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Will the Green Deal include Microgeneration Technology?

It may be the last thing on your mind at the start of 2013 thought it will mark an interesting time for the Green Deal. The reaction to the scheme has been so far underwhelming. Yet as of January 2013 the Green Deal will come into full operation as homeowners will be able to receive the finance the deal pledges. Currently homeowners can only sign up to the first stage, the assessment, but January will see the first works commence, financed by the Government scheme.

Though the scheme hasn’t captured the imagination of the public so far this is mainly due to the fact there is no clear framework as to how the Green Deal will work. In particular, it is not clear whether consumers will be able to get microgeneration technology in their homes using the Green Deal.

Will Renewable Energy Technology be Available as Part of the Green Deal?

Unfortunately, as seems to be the case with any questions regarding the scheme, this is not an easy one to answer. According to the Department of Energy and Climate Change renewable technologies will be part of the Green Deal.

However, this part of the scheme has not been promoted as part of the Green Deal as with insulation and other home improvements. There is no clear information or answer. The best consumer group Which? can offer is that ‘Solar panels may be available in Green Deal packages too, but that is not yet clear.’ Even the renewable energy industry appears to be in the dark as to whether their industry would be given a much needed boost.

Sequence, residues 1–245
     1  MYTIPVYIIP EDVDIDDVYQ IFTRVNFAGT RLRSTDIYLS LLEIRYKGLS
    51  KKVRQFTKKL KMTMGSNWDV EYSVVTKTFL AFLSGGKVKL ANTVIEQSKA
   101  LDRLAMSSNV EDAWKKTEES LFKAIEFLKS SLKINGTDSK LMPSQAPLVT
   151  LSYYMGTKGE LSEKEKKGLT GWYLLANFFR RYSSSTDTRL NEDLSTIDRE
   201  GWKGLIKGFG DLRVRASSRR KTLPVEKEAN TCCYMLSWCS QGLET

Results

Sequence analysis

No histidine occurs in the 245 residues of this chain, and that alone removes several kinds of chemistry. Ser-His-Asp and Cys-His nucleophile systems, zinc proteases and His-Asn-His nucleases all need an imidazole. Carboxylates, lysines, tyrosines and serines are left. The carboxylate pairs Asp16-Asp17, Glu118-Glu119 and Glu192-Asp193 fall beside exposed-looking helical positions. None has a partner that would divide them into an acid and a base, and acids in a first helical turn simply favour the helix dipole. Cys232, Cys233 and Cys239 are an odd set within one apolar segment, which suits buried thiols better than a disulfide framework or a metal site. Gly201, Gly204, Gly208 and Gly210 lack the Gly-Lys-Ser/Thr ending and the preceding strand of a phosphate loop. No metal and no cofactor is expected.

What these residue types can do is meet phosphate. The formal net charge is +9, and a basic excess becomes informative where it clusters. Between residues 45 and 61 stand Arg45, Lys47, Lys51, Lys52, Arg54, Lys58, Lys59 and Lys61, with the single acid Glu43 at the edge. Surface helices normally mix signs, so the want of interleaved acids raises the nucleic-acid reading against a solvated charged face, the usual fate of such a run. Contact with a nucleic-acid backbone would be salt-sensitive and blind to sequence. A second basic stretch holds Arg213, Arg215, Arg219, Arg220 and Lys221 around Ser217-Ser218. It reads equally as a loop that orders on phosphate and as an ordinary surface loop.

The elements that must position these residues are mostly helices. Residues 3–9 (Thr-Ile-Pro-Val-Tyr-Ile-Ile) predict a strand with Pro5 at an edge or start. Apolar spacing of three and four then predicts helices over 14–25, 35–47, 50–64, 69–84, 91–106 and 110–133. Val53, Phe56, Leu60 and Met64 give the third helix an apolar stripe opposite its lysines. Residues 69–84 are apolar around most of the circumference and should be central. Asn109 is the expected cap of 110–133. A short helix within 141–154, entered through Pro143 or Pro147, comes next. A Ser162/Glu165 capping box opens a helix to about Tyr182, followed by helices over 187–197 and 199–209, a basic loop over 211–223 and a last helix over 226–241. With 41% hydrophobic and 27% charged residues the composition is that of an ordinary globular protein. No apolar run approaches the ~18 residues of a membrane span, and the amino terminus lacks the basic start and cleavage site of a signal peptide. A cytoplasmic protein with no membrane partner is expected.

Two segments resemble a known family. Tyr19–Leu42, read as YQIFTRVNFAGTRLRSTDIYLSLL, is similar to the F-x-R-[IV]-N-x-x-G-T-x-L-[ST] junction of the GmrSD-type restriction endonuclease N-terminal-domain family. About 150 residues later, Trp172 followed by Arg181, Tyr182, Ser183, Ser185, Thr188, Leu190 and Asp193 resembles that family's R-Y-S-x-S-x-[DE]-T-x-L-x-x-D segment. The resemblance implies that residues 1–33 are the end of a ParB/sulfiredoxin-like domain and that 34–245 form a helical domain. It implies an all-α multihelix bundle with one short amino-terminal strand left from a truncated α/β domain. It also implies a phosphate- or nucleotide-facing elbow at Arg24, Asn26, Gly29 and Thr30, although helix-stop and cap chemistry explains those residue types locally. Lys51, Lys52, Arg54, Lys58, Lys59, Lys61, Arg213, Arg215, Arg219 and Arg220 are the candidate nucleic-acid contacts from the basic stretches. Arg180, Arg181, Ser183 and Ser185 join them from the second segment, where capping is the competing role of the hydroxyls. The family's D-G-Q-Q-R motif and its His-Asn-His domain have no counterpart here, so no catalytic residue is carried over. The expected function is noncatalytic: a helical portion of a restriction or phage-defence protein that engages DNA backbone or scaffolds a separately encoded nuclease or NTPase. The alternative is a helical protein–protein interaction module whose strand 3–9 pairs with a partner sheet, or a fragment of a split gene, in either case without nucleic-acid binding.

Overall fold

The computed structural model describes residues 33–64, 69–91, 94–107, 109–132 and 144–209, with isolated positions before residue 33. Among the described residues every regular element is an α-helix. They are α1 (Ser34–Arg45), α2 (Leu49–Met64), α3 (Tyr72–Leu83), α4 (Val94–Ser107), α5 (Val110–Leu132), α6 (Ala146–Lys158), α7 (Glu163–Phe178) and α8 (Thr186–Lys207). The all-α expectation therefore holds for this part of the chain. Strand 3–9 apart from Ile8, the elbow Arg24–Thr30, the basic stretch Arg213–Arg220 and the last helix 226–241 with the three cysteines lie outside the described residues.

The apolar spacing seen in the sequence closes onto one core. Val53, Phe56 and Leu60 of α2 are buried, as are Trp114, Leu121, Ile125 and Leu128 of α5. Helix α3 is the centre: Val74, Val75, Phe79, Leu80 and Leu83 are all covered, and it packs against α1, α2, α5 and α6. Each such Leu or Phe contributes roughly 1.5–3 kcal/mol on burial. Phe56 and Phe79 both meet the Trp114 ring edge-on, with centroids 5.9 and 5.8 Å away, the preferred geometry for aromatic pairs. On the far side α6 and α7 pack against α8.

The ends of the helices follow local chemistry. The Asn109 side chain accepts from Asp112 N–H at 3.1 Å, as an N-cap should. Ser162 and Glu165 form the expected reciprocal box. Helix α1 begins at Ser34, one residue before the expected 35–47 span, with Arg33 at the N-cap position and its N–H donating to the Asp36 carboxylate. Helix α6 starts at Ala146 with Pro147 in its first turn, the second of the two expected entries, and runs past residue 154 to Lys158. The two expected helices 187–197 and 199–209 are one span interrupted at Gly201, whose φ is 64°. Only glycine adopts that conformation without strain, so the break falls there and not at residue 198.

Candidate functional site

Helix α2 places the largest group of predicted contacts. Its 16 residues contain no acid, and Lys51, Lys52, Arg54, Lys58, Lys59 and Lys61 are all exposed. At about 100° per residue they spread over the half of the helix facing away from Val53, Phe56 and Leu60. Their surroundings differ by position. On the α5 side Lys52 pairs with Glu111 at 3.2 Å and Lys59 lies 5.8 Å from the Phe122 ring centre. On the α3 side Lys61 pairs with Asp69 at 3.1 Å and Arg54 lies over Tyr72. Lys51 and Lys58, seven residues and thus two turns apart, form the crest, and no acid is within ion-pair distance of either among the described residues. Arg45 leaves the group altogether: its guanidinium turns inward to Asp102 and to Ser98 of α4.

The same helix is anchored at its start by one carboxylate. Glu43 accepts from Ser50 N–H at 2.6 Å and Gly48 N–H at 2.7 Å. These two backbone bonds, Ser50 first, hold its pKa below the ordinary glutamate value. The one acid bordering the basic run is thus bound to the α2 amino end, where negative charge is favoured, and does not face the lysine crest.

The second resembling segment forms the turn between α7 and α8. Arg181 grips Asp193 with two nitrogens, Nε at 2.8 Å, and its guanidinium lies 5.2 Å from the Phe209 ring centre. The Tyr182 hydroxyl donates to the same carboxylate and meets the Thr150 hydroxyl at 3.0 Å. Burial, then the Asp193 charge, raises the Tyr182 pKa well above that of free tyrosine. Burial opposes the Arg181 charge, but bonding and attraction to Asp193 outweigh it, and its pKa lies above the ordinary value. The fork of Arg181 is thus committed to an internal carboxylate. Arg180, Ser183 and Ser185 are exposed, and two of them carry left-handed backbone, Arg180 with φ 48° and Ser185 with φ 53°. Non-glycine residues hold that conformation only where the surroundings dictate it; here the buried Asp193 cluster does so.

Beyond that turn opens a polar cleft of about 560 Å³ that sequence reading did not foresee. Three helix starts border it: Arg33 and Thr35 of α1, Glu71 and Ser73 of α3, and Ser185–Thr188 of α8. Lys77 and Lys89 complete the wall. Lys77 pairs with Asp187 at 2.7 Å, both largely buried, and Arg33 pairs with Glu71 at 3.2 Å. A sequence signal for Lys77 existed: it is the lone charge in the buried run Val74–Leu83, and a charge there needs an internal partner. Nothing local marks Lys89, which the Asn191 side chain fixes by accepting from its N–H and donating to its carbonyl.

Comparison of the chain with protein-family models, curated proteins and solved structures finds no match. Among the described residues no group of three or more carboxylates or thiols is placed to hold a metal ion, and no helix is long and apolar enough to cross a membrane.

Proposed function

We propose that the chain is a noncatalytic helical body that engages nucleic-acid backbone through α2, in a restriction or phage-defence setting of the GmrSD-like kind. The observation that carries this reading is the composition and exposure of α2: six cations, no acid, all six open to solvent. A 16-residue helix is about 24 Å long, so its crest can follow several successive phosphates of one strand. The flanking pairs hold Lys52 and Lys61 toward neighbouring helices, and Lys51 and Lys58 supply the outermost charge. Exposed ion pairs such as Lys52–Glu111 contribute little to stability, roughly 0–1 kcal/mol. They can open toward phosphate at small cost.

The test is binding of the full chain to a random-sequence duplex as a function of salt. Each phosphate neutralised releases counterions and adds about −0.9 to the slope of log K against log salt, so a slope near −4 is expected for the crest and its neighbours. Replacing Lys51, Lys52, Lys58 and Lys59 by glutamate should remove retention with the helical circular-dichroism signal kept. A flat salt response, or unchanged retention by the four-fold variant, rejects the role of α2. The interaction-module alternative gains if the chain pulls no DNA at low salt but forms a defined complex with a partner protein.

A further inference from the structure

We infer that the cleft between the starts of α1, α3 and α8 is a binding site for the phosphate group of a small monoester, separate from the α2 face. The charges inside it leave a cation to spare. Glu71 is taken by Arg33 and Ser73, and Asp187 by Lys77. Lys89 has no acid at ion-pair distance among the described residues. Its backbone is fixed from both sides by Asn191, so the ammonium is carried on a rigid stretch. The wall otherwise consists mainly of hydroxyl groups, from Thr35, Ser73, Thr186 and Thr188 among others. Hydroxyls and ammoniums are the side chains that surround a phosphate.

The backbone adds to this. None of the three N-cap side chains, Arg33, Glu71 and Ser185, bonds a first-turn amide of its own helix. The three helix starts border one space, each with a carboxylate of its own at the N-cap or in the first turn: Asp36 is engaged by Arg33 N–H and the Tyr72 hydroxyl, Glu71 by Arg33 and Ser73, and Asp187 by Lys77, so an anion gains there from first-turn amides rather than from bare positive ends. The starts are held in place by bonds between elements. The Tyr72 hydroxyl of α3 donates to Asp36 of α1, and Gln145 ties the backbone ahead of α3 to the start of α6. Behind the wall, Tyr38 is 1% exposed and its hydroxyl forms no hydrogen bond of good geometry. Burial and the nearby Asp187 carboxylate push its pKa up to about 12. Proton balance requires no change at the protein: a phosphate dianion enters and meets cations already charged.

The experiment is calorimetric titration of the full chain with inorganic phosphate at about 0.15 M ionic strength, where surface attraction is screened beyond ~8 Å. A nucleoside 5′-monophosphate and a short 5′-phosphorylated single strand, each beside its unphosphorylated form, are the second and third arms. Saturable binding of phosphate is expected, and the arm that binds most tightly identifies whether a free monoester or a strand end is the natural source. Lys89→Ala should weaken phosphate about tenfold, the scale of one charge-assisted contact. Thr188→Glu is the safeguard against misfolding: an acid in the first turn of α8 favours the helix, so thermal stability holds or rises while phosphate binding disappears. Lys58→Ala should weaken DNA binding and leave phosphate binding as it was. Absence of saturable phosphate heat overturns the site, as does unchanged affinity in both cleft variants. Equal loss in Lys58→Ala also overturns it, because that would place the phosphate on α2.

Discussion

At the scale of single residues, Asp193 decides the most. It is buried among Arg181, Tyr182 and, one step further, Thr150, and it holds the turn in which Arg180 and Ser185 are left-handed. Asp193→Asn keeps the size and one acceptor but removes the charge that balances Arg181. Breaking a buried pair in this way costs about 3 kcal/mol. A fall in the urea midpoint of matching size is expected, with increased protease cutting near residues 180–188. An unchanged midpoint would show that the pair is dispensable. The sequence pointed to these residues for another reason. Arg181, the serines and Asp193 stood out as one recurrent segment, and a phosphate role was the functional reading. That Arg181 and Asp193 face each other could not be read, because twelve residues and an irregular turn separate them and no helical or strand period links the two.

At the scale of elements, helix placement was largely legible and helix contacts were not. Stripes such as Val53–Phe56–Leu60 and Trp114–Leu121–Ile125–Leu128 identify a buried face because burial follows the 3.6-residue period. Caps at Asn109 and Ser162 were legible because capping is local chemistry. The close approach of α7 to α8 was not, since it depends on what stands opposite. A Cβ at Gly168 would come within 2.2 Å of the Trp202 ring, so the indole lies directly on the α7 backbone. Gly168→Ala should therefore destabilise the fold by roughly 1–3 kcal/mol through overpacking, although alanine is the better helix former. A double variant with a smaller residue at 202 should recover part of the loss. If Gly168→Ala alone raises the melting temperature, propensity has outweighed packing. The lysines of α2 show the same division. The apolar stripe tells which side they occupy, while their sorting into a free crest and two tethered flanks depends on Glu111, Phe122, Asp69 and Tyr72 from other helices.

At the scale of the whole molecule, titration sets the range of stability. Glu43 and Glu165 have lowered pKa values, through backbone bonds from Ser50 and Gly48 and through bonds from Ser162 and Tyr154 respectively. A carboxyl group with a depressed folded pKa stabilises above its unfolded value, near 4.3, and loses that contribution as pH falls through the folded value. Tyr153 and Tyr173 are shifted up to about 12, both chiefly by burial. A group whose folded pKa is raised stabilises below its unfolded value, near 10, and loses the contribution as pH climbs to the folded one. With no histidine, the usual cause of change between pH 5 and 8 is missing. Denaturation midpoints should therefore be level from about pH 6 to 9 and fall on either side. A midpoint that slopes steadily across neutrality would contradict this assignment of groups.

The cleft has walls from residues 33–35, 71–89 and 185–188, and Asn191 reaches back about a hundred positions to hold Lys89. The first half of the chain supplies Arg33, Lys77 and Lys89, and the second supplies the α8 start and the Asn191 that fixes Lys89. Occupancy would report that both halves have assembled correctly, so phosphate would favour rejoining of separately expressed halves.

If you are interested in buying solar panels or other microgeneration technologies using the package it would be best to contact a Green Deal providers and enquire as to the possibility. A simple search to find a provider will yield many results. This includes Green Deal providers that claim to offer microgeneration technologies as part of the scheme. Remember though, to always seek accredited providers.

The New Year should see the Government give clearer details about how the scheme will work. As more people use the scheme things should also become clearer. The Green Deal is a great idea in theory but now needs to prove viable in reality.

Should the Green Deal include Microgeneration Technology?

Even with the details not all ironed out it there seems a strong case for including renewable technology in the Green Deal.

With the rate of FITs just being confirmed at the current rate for 2013 putting microgeneration systems should promise a return for investors and householders. That is if the Government would allow FITs to be claimed in conjunction with the Green Deal. As the Government are not putting the money up for the Green Deal there should not be too much a conflict of interest and it would also help towards the UK’s renewable energy targets. Perhaps there could be a separate rate of FITs for those installed under the scheme.

The added benefit of installing a system under the scheme would be the assessment stage. Currently those claiming grants such as FITs must have an EPC of a high enough level to be eligible. If microgeneration systems were made available through the package consumers would also have to undergo the assessment stage. On top of an EPC this would look at how efficient the home already is and the potential savings having such a system could provide. Assessors would be able to advise householders as to what system would best suit their property, cutting the risk for consumers and investors. With a lower element of risk more people would be encouraged to get a renewable system.

It is time for the Green Deal to push the country’s green energy policy to new heights. At the moment the improvements it is offering are things that people have struggled to give away over last couple of years. If the scheme is to be a watershed moment towards a greener future sooner or later it must offer microgeneration systems as part of the package.

Written by Michael Hallam

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